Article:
Originally published in Persona Magazine 2019.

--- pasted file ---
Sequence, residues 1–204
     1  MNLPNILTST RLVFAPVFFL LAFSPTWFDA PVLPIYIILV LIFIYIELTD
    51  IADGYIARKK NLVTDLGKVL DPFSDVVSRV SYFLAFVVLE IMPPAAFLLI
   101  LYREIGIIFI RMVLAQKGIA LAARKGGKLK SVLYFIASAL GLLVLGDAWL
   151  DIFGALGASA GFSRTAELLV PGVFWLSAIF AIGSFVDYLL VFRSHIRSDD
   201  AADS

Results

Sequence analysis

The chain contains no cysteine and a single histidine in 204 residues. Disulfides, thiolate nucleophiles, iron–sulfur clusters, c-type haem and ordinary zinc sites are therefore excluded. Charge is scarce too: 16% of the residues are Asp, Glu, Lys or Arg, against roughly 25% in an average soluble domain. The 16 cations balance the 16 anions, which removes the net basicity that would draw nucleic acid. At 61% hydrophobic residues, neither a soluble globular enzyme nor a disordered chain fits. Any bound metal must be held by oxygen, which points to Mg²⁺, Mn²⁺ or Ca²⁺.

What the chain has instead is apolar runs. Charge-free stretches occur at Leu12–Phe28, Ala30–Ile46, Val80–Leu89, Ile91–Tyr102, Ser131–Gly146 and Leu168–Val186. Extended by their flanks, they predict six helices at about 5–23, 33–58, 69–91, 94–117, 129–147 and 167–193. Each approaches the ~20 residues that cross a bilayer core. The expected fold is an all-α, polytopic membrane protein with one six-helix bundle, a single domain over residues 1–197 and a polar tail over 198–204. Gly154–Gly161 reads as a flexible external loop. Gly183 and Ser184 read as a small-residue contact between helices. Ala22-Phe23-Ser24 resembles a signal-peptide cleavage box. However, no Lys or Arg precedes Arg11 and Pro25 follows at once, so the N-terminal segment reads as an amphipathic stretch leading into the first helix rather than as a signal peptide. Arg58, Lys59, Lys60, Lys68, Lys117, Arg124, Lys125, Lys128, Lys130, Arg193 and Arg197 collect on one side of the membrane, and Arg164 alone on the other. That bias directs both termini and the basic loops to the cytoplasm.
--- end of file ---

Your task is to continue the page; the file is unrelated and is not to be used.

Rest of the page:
The girl’s arm, having slipped tightly around his, felt right at home. The streetlight reflected off of their black leather boots as the couple made their way down LBJ Drive. A trombone player in full swing greeted them with a series of jazzy notes as they reached the safety of the sidewalk. The boy’s pace livened as he took the girl by the waist and led her towards the music. He shimmied, she swam. He mashed potatoed, she hand-jived. He smiled, she laughed. A few weekend wreckers joined in on the fun of the impromptu dance floor while others chased the high of the weekend. The couple didn't know the difference. They didn't care. They just loved the music. One song later found the boy leaving a few bills in the music man's case as the couple stole away to the quiet of the lesser known bars of their college town. The bartenders, greeting the boy with a hug, poured the couple's drinks for free while the girl picked apart just how they knew her companion. Some of the bartenders laughed and a few shared a story or two. The smart ones were quick with another round before the couple made their exit. It wasn't too often that the boy paraded his company, but she deserved to be seen. Every few steps he would stop and give her a quick twirl just to see her move. Her tattoos, flickering in and out of sight, came alive under the light of the store-front windows. They passed the late-night sandwich shop and dragged themselves away from the fresh baked scent of the cookie shop next to it. Stopping in front of the old radio station on Guadalupe, they stared through the window at the humming machinery, wondering what music was being poured into the radios of the late-night truckers. In a moment stolen from their admiration of the vinyl stacked shelves, the girl drew the boy away from the window and into the crevice between the pillar and the wall. Her hands, pulling the collar of his shirt, guided him to her neck. His nose traced the outline of her jaw while his hands moved firmly from her neck to the small of her back. Her bottom lip, caught amongst his teeth, shivered as she felt his knees give way. His nose, making its way down from her jaw, lingered at her chest before it drew a path from her stomach to her waist and nestled itself between her thighs. The chatter and drunken laughter they thought they left behind steadily approached. There was no point in trying to hide it. The group, sighting the couple from across the street, gave them a cheer while the girl let loose a laugh. The boy, still on his knees between her thighs, simply gave them a childish smile and waved as the group staggered down the street. "What are you doing?" she asked, stretched out against the brick wall with a knowing half-smile. He looked up at her, eyebrow half-cocked and chuckled. He rose slowly, her lips meeting his half-way before they made their way around the corner and down the block to his apartment. The descent down the stairs to his door could be unforgiving, but she steered herself as effortlessly as she took her liquor. With the bedroom being just a few steps too far, they settled for the couch. As she sat on the edge to remove her boots, the girl struggled with the zipper. He took her leg, one hand at the crook of her knee and the other at the ankle, and softly undid the stubborn tab of metal. First the right foot, then the left before he placed her boots by the doorway next to his. They stretched out over the couch as she undid the buttons of his shirt. "Give me a minute," she said, smiling as she got up and made her way to the restroom. The boy, composing himself amidst the tequila, watched as she made her way down the hall. A soft click and the bathroom light illuminated her face. Her nose, slender and sleek, led the way while the rest of her followed before disappearing into the warm glow as the door closed behind her. As he settled into the moment, he wondered whether the weekend wreckers had scored and whether they would survive the rush. He wondered whether the truckers had found a tune and how much the music man cleared in tips. Hearing the door open behind him, the boy turned to see the girl leaning against the door frame. Her eyes, peering softly at him, reflected a hue of green within their shade of brown. He had not noticed that before. Her hair brushed the side of her cheek as she slowly made her way towards him and softly took his hand pulling him up and away from the couch. The couple stumbled down the hallway before arriving at the foot of his bed where they began to find their way about one another in the dark. Their laughter, set against the backdrop of a distant trombone, drowned out the noise of the weekend wreckers and the footsteps from the neighbors above. The boy opened his eyes to the sobering quiet of his room. Beside him, under the sunlight peering through his bedroom window, was the girl. Her soft snores, keeping rhythm with the rise and fall of her chest, were a welcomed change to the boy’s six hundred square feet of space. He made his way towards the kitchen and grabbed the bottle of aspirin from the cupboard. He washed his down with a gulp of Gatorade while he grabbed an unopened bottle for her. His phone, charging on the kitchen counter, read a quarter to eleven. The Chinese place down the street would start delivering soon. He placed an order for some of their favorite entrees, something he had grown used to during their late-night library sessions throughout the years, as he softly set the aspirin and Gatorade by the nightstand next to her. A few minutes later found the girl yawning and stretching back to life as she re-adjusted herself, laying her head on his lap. “Honestly,” he began as he looked at her. “Why did it take us so long to make this happen?” “We hadn’t had the right mix of alcohol yet,” she said sleepily as they laughed. She sat up, stretching her neck from side to side as her fingers worked her hair into a bun. She smiled at him as she reached for the aspirin and Gatorade. He smiled back. “Yeah, I guess you’re right,” he said lightheartedly. “I’m glad we did this.” “So am I,” she replied. “Was I worth the effort, though?” she asked playfully. “You’re always worth the effort.” “Good answer,” she said as she stole a kiss. There was a knock at the door. “Chinese,” he stated. “Oh, man. I could use some Chinese,” she said eagerly. The boy got up from the bed and made his way to the door. The delivery boy thanked him for the tip and went on his way. The boy closed the door and placed the stack of boxes on the coffee table. The couch, with its throw pillows strewn about from the night before, unfolded into a lounge-bed where the boy spread out the boxes of food. “So, New York, huh?” she asked in between a bite of chicken. “Yeah.” “You excited?” “Ask me tomorrow morning when I’m on the plane.” “Oh, please. You live for this stuff. Even I’m excited for you.” “Well then come with me,” he said looking up from his box of rice. “Very funny,” she replied. “I have classes to teach, you know.” “Yeah, I guess you’re right. You’re a little tall to fit in my carry-on anyway,” he retorted as she softly kicked him with her foot. “I’d be the best travel companion, though” she said teasingly. “Well, let’s do it then,” he said with a smile as he put down his food. "Let's go to New York." The girl couldn’t help but smile. She struggled to suppress it. It took a moment but her smile soon faded as she settled into her disposition. She cleared her throat. “Look,” she began steadily. “All of this, all of last night, it was fun. You’re so much fun, and I love being around you,” she said as she slowly found her cadence. “It’s just that I have a lot going on right now.” “Hey, come on now,” he started. “I’m good with a lot of things but I’m especially good with you,” he said earnestly. “I don’t want you to think that I’m backing you into a corner or chasing you up a tree here. I’m just doing what we’re supposed to be doing. You know, talking. Level with me here.” There was a long pause between them. The girl looked down at her box of rice, slowly picking at it with her chopsticks while his fingers toyed with a soy sauce packet. “He’s coming back next semester.” The boy stopped twiddling with the packet. His mouth ran dry. He stared at her as he struggled to construct a mask of nonchalance. “Good. That’s good,” he said, attempting indifference. “I figured you’d be happy for me,” she said hesitantly. “Difficult when you’re waking up in my apartment.” "I thought you would understand.” “That’s the thing. I understand perfectly.” “Do you?” “Yeah," he started "but what’s fucking with me is that you knew.” “I knew what?” “That I was about you.” The girl looked back down at her plate. Her brow furrowed in thought while the boy ran through the events of the night before. He hadn’t expected to find himself in this situation. To be wasting time with her. Maybe someone else, but not with her. Not with her. “Look, I know how this goes,” he said as he edged his box of rice away from him. “Let’s not make this anymore awkward than it has to be. I’ll just chalk it up as another Friday night.” “You don’t have to be an asshole about it.” “I’m just being straightforward.” “I thought I was.” “Only after the fact,” he answered sharply. “You should have just told me the truth.” “What would that be?” “That you don’t like sleeping alone.” “Oh, fuck you!” “The minute you found out he was coming back you got bored of me,” he said coldly. "So, what? Were you just killing time?” “That’s not fair.” “How long have you known?” “A few weeks,” she answered. "A few weeks," he repeated softly. “We’ve been in touch pretty consistently for a while now,” she continued as her voice slowly trailed off re-exploring that summer in Europe. The boy had heard it all before. He found himself starting to mentally review the next day’s travel itinerary. It would be Sunday, so traffic wouldn’t be too bad. He would have to be up by three just to be at the airport by five. The mornings had been cool lately, a light jacket and hat would be best. He wasn’t checking any luggage and being TSA approved just made things easier. Early morning flights weren’t his favorite, but they were almost always quiet. He would have time to think about everything then. The empty seat next to him he had reserved a few weeks prior assured him of that. He could use the extra elbow room. "You're not even going to try to be mature about it? " she asked condescendingly. "I don't really have the effort for it anymore."